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New voter: a young woman’s political awakening

Hayley Colley of Tennessee is among the Americans who, on Nov. 4, will cast votes in a US presidential election for the first time.

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On the third day, when Hayley’s favorite band, Pearl Jam, was set to play, the mercury pushed into the 80s, rain fell, and the humidity made the air feel like soup. Hayley had no sooner stretched out in the shade of a tree than she noticed a line at a nearby booth. The booth was run by HeadCount, a nonpartisan group that registers would-be voters at rock concerts.
The sight of so many young people lining up to register stirred something in her, and she joined them.

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“I think it might have been the hippie instinct in me,” she recalls. “It was this huge festival, and I thought it was really unique that you could register to vote.

“I was proud of the people going up there and that the people of my generation believed we could make a change this time.”

Voting, she saw, wasn’t just something people’s grandparents did. In this least likely of places, she glimpsed that there was more to being young and on your own than keg parties and rock ’n’ roll.

HeadCount says it registered 1,145 voters at the festival.

Hayley soon found herself paying closer attention to news. She kept up with the candidates through the headlines on Yahoo, particularly the ones about Obama’s plan for withdrawing troops from Iraq.

Gas prices were siphoning a full quarter of her waitressing income. But she didn’t like Sen. John McCain’s plan for more offshore oil drilling. She remembered hearing about the 1969 spill in Santa Barbara, when oil spewed from a drilling-related rupture in the ocean floor and “affected a lot of animals.”

Whereas politics rarely came up before, now, says Nick, who is torn between Obama and McCain, “we butt heads.”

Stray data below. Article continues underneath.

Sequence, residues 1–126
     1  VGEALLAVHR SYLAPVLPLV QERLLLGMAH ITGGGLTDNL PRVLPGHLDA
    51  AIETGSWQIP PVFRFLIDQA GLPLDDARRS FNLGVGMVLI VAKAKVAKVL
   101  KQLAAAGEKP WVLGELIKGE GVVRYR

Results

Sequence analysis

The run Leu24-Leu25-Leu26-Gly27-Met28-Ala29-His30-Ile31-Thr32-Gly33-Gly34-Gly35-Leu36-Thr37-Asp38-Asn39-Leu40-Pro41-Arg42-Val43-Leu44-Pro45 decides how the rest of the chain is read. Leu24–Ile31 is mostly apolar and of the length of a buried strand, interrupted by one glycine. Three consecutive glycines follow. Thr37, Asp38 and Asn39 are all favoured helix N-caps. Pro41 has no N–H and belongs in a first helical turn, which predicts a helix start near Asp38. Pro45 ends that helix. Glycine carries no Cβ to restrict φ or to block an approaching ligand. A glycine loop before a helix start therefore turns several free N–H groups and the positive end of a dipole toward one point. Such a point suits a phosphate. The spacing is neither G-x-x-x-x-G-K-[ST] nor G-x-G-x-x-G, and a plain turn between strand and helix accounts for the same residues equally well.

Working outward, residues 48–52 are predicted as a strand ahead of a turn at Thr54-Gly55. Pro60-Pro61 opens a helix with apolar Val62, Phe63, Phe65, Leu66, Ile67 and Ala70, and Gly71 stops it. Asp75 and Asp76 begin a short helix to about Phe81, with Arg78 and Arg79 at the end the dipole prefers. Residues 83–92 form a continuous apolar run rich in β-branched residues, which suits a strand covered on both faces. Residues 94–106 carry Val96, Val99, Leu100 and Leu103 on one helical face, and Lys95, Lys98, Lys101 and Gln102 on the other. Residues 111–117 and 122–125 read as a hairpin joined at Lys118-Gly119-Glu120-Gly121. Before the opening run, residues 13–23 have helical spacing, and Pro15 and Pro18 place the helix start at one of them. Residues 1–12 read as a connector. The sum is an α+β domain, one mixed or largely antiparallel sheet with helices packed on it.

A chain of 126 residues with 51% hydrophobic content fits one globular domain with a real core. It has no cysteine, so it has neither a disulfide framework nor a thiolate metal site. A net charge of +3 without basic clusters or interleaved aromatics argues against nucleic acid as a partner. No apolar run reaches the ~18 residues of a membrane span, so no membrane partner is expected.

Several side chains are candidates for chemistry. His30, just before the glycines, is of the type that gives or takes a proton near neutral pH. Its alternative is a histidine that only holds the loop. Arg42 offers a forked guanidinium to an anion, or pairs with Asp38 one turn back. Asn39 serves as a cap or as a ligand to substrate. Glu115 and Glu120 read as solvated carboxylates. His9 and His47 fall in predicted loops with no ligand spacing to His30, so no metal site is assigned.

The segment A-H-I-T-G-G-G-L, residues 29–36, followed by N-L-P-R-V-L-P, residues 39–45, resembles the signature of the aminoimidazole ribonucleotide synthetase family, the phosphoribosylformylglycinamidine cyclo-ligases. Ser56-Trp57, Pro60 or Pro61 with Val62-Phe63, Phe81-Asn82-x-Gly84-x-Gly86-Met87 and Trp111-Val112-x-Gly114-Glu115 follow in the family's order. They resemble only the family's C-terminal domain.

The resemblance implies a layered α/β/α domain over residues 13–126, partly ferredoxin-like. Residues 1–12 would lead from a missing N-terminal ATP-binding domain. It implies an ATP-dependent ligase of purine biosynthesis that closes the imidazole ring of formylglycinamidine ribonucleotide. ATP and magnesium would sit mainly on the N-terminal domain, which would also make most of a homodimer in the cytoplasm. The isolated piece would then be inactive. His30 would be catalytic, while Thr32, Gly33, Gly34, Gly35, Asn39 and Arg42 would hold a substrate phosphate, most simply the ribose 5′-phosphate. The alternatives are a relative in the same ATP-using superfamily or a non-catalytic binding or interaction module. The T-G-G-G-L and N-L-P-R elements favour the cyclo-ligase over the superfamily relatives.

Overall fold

When local TV broadcast a story about the deadly July 27 shooting at a Knoxville church, the couple spent dinner arguing over whether stricter gun laws might have prevented it. (She said yes; he, no.)

On a range of issues, she decided, Obama was most likely to “put change in the White House.”
“Now that college is over, I want to vote, knowing it does count,” she says. “Hopefully we’ll get this country back on the right track.”

* * *

On Aug. 1, before an evening shift at the restaurant, Hayley voted for the first time. Tennessee was picking a Democratic challenger to Republican Sen. Lamar Alexander, and Hayley drove to the county elections office to vote for Bob Tuke, a candidate her grandfather had recommended.

“Yea! Yea!” she said after the electronic voting machine flashed a message that her choice had been recorded. “Am I done?” she asked no one in particular, as if surprised at how little fuss was required.

Hayley has resumed her search for a job in her field. ESPN would be her dream, but anything that blended her interests in sports and media, she concedes, would be great.

She knows that Obama’s chances in Tennessee in November are slim. Tennesseans voted Republican in four of the six last presidential elections, and in the latest poll of state voters, released in late September, McCain led Obama 58 percent to 39 percent.

All the same, she says, she will enter the voting booth Nov. 4 undaunted.

“You never tell anyone, ‘Don’t play because there’s no way you can win,’ ” she says, with a sports metaphor. “If you don’t shoot, you can’t score, you know what I mean?”

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